Here is how a few local organizations are using similar offerings to the Community Bond. Don’t forget to let us know how your own story unfolds by reaching out to email@example.com.
10 Carden Shared Space, a coworking and community event space in Guelph, Ontario is offering a community bond investments of 3% and 4% in 2016. To enable a physical expansion, 10 Carden is redeveloping the Acker’s Furniture building. Once complete, the 10C Expansion project will offer four floors or over 15,000+ square feet of fully accessible community event space and collaborative workspace for the social benefit sector.
SolarShare is a non-profit co-op that develops community-financed solar energy projects. Each project is backed by a 20-year power purchase agreement with the Ontario Power Authority, thereby guaranteeing a sustainable long-term revenue stream. Community Solar Bonds earn a 5% annual return for a 5 year term and are invested in a portfolio of projects that are already generating solar electricity across the province.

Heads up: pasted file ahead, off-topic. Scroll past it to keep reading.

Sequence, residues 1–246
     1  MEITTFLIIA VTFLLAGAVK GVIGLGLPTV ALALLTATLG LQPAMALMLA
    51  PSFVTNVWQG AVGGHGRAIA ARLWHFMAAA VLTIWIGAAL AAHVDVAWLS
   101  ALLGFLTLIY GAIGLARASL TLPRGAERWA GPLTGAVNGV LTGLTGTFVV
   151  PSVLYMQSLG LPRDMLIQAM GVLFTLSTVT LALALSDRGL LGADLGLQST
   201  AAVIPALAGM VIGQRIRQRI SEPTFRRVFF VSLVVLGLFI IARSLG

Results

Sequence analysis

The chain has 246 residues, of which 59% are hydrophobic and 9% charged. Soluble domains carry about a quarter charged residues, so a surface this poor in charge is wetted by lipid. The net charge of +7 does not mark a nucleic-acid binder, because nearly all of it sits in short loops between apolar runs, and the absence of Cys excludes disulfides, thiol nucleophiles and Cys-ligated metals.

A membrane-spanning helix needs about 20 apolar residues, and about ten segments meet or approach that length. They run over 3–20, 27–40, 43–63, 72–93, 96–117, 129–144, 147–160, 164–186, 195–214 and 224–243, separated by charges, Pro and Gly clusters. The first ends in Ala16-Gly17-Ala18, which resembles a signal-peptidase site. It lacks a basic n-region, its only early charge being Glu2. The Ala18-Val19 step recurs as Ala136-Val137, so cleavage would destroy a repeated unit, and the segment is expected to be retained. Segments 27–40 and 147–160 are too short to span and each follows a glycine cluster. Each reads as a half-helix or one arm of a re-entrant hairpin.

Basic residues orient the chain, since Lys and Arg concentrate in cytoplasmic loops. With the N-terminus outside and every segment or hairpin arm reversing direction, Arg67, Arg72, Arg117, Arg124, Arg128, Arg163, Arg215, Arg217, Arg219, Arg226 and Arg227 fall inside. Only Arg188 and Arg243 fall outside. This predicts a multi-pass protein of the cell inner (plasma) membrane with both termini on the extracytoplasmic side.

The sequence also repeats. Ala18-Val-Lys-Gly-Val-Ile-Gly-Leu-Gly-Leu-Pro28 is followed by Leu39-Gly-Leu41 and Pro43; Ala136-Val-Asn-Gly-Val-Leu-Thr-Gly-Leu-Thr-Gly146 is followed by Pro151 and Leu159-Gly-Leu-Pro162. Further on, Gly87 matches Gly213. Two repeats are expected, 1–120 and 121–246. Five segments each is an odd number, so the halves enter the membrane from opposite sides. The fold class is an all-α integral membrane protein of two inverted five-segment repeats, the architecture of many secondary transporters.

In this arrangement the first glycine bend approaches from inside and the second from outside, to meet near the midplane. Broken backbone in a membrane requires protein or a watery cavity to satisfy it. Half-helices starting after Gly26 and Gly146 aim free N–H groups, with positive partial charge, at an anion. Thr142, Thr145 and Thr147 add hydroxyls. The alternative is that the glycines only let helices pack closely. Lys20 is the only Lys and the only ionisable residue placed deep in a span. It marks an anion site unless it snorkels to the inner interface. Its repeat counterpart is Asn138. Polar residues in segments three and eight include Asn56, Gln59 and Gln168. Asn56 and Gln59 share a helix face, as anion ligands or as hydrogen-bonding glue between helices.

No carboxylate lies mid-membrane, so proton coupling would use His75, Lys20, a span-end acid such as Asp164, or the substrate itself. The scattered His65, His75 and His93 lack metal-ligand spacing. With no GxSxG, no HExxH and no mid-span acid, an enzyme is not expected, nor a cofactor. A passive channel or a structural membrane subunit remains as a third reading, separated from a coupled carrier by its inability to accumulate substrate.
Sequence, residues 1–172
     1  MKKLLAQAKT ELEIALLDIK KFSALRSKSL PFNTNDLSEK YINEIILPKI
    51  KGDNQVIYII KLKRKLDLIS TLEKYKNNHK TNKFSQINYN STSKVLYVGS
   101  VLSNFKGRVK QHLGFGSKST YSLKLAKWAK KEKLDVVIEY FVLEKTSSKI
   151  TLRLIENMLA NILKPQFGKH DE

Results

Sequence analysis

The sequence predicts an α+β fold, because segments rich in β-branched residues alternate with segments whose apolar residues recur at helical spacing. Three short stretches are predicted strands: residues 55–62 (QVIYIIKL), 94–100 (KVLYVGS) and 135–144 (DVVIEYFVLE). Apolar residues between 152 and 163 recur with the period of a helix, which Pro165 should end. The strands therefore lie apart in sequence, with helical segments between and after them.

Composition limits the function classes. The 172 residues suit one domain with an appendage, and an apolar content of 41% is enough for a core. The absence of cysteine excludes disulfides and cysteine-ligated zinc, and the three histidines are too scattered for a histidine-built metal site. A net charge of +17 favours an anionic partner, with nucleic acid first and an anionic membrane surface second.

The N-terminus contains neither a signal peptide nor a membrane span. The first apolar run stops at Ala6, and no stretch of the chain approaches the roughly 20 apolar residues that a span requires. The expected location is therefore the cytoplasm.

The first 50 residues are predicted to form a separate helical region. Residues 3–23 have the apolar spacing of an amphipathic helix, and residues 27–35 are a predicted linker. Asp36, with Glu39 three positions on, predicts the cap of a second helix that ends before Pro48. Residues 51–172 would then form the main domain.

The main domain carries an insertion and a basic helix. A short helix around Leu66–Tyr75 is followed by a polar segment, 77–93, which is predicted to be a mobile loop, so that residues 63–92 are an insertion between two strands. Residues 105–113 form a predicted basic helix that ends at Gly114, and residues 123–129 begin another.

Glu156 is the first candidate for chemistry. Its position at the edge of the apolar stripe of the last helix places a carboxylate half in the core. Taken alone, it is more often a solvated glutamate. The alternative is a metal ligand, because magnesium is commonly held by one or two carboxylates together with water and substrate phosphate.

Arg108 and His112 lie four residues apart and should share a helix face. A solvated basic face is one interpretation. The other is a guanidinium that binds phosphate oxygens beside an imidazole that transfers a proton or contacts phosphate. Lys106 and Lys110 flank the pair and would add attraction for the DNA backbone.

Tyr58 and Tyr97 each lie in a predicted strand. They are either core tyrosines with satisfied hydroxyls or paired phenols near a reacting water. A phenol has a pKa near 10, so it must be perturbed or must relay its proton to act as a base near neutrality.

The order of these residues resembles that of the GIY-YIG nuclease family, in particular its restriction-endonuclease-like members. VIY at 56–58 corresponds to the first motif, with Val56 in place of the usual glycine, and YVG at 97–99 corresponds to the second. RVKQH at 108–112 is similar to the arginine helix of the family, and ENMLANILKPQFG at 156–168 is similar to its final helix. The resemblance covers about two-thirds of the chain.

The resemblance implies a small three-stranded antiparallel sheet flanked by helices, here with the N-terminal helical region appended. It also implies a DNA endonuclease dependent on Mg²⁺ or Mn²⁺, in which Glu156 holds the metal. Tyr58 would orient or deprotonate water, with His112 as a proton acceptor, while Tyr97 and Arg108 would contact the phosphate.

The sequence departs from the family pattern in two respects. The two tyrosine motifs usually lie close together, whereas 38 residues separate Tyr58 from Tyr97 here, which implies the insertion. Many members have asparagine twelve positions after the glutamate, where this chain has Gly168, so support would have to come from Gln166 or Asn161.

ZooShare Biogas Co-operative Inc. is a non-profit renewable energy co-operative that is developing a 500 kW biogas plant on the grounds of the Toronto Zoo. The plant will turn the Zoo’s annual manure output and food waste from GTA-based grocery stores into electricity, heat, fertilizer and cash for the Zoo – and our primary investors, individual Ontarians. About 70 per cent of the project cost, or roughly $3.5 million, will be funded through the sale of RRSP-eligible Community Bonds paying a 7% annual return and maturing in 7 years.
The West End Food Co-op runs a local farmer’s market in Toronto and is dedicated to advancing the cause of food security. They are using a super accessible community bonds – selling at a price of $500 each with a 2.5% interest rate – to finance the purchase and renovation of a new natural food store in the city’s west end.